BYOD + Security = productivity without compromise.

Padraic Murphy
On: 29 Mar 2018
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A Bring Your Own Device (BYOD) policy is increasingly demanded by employees. Are employers right to resist on the grounds of security risk or should they welcome BYOD for the efficiency, productivity and financial gains it can bring?

The pressure is on to adopt BYOD.

It’s a competitive market for recruitment and employers may feel forced to adopt a BYOD policy. As cliché as it is to mention the increase in millennials in the workforce, there’s another cliché that they can’t be separated from their smartphones, and both are true. When your employees are running their lives from 5-9 on the latest Android or iOS smartphone, why would they suffer anything less 9-5?

A BYOD policy can save €200-300 per annum per employee.

The financial benefits of BYOD are hard to ignore. When the cost of providing and replacing devices is taken into account, a BYOD policy can save €200-300 per annum per employee. Then there are the productivity benefits of employees using their own devices. The line between our work and personal lives is blurring with the growth in mobile working and many of us prefer to not have to carry around two phones at all times. A company-owned device might be put aside outside office hours, but an employee’s own device will still be in their hand or pocket, always on and never ignored. Other pressures include the rise in contract and part-time working, as issuing and retrieving devices for a transient employee base is complex, time-consuming, and a data security nightmare.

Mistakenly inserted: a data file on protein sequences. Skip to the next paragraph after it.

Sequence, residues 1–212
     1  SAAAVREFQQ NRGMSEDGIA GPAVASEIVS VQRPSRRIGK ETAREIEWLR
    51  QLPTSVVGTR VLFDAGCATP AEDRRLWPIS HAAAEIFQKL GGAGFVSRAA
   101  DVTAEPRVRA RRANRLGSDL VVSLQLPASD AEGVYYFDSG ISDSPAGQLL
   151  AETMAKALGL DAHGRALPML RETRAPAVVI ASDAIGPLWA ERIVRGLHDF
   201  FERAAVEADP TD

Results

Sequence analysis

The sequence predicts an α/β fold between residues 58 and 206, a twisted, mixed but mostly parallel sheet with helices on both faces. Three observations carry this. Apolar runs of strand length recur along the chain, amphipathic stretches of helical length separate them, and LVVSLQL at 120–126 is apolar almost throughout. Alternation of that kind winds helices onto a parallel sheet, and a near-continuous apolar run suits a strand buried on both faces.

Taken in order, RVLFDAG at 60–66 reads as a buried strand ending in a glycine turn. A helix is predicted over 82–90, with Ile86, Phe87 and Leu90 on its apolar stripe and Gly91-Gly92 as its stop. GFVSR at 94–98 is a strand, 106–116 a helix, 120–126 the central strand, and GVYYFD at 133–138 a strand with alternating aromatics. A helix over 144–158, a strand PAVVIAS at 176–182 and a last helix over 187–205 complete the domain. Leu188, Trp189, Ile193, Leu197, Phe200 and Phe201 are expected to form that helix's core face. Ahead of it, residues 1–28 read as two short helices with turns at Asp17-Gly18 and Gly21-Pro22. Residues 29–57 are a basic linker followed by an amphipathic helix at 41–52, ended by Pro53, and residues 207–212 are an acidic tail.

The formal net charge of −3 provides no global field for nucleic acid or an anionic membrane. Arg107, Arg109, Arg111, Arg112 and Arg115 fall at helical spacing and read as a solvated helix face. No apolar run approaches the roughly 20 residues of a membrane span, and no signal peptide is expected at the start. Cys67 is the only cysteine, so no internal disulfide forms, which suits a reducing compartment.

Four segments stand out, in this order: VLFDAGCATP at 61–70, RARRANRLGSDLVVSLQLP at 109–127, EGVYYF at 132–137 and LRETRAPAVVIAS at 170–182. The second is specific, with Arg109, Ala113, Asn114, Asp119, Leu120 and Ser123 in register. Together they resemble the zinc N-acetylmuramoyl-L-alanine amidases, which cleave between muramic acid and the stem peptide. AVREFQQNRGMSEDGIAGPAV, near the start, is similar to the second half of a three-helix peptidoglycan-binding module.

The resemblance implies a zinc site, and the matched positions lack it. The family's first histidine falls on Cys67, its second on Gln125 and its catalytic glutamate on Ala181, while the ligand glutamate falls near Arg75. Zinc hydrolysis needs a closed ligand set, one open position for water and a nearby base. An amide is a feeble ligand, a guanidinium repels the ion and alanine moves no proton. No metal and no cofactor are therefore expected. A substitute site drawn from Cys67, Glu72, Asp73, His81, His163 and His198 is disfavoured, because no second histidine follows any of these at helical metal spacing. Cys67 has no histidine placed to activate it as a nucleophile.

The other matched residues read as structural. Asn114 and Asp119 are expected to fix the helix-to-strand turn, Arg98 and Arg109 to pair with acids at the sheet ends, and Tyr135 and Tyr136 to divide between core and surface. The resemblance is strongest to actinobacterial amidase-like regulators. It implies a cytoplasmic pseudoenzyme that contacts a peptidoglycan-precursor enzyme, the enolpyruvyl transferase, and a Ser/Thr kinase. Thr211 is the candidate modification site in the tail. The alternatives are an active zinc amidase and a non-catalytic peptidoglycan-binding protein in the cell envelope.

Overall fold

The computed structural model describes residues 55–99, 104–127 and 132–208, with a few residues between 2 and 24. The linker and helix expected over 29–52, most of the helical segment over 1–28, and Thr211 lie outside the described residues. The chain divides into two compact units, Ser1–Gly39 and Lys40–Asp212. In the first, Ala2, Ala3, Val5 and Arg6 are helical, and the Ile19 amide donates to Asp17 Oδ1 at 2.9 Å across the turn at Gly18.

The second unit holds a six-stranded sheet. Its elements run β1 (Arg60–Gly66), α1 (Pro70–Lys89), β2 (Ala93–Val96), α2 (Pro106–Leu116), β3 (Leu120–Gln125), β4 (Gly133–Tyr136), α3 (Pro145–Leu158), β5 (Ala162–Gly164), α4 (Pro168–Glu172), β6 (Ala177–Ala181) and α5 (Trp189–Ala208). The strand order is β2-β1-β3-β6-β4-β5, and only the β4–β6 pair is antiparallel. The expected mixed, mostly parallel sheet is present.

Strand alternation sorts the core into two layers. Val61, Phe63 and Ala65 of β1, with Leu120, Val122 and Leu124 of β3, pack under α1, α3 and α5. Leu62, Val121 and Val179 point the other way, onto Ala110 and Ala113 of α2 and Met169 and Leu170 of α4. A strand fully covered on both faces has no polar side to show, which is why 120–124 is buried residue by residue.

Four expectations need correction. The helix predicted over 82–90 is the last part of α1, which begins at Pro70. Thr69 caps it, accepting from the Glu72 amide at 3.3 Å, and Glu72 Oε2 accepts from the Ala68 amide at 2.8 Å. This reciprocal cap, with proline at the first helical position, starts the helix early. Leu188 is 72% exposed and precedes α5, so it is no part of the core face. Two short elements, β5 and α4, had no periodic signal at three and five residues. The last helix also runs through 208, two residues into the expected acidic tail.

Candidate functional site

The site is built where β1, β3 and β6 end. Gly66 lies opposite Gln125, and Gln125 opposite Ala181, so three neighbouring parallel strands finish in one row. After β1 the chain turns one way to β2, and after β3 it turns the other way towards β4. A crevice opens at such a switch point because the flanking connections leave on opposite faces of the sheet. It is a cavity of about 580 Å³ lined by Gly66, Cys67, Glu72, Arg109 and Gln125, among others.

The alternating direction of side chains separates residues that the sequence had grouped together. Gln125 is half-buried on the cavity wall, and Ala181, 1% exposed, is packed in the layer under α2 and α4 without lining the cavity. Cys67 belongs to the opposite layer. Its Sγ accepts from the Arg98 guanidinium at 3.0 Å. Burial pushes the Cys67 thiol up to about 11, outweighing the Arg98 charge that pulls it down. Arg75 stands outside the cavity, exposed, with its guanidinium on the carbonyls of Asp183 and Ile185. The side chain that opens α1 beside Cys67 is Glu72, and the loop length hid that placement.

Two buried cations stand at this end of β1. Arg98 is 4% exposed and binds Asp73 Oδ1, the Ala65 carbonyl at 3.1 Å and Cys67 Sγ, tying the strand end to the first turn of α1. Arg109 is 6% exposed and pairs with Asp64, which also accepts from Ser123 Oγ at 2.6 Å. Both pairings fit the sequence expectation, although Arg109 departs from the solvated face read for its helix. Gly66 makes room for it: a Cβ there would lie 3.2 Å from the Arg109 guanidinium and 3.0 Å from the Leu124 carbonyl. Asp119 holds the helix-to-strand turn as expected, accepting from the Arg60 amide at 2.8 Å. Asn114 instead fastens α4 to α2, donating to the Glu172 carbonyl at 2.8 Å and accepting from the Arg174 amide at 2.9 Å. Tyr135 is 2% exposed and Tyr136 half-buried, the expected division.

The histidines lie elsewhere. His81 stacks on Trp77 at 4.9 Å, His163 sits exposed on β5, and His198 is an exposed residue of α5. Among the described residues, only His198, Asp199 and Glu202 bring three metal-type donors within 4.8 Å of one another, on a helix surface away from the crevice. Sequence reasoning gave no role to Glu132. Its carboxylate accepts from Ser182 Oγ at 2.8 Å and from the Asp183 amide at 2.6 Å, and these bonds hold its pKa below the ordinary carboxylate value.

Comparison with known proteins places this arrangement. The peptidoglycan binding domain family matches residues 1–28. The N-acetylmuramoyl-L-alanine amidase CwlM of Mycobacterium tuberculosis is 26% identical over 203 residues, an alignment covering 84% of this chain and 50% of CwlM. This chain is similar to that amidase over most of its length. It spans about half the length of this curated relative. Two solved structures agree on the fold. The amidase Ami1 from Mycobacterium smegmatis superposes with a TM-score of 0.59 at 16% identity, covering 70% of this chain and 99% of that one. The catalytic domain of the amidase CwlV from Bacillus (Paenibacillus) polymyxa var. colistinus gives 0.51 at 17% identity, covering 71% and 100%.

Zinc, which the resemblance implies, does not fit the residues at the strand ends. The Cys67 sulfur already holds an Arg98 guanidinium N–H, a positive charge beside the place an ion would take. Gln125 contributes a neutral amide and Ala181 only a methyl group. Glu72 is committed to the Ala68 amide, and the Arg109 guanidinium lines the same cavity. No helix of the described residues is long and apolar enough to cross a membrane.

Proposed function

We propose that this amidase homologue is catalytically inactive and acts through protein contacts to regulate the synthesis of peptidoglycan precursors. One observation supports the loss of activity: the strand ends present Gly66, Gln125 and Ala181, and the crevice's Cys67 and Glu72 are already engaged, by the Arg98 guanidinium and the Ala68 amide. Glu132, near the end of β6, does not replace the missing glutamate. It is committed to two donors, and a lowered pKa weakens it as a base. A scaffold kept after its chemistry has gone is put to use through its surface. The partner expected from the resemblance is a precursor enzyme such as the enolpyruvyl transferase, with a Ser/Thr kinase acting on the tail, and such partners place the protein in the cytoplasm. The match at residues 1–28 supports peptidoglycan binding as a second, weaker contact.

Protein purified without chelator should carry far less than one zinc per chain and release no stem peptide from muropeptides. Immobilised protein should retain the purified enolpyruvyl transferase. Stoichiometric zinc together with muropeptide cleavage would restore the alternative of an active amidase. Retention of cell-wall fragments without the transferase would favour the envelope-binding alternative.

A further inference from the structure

Making BYOD a success.

It’s generally HR who drive a BYOD policy forward. It’s then generally IT who put the brakes on. What looks attractive to HR and Finance in terms of employee recruitment and retention, cost-savings and increased productivity, looks very different to IT.

What looks attractive to HR and Finance looks very different to IT.

For example, twenty employees could mean twenty different devices, four different manufacturers, two operating systems and countless compatibility issues and security risks for IT to overcome. The key to successful BYOD is not introducing it in isolation, but in tandem with a clearly defined user policy and security strategy. It can’t be an open door for any devices and any apps, unmanaged. Remember also that BYOD applies to more than just smartphones and email. Laptops and tablets, apps, tools and cloud resources should all be included within the policy, to deliver benefits without risk.

This is your checklist for successful BYOD:

1. Clearly define which devices are allowed onto the company network. This can be as restrictive as you want; you can go by specific devices or simply by operating systems, models or manufacturers.

2. Establish a clear security strategy around how data is delivered to the device. Employees should only be allowed to use apps and tools provided by you, and there should be clear and effective data access policies.

3. All staff should know exactly what data – both personal and business – is on their devices. Being able to account for the whereabouts of data at all times is an essential element of GDPR compliance.

4. Business and personal data and communications on the same device should be kept entirely separate at all times, through the use of secure `sandboxes’.

All of the above are best facilitated by a Mobile Device Management (MDM) solution. MDM is an effective way to remotely manage your policy, users and devices. It will allow you to wipe devices in the event of loss or theft, disconnect or disable unauthorised users or applications, or simply install device updates centrally, in a controlled manner. This MDM Buying Guide has everything you need to know when considering a solution.

Research* shows that businesses implementing BYOD experience:

  • improved employee mobility (61%)
  • greater employee satisfaction (56%)
  • enhanced employee productivity (55%)
  • reduced costs (47%).

That’s clear evidence that with the right user policy, security strategy and MDM solution in place, BYOD can also stand for Better Your Own Device.

*Crowd Research Partners, 2016 Spotlight Report: BYOD and Mobile Security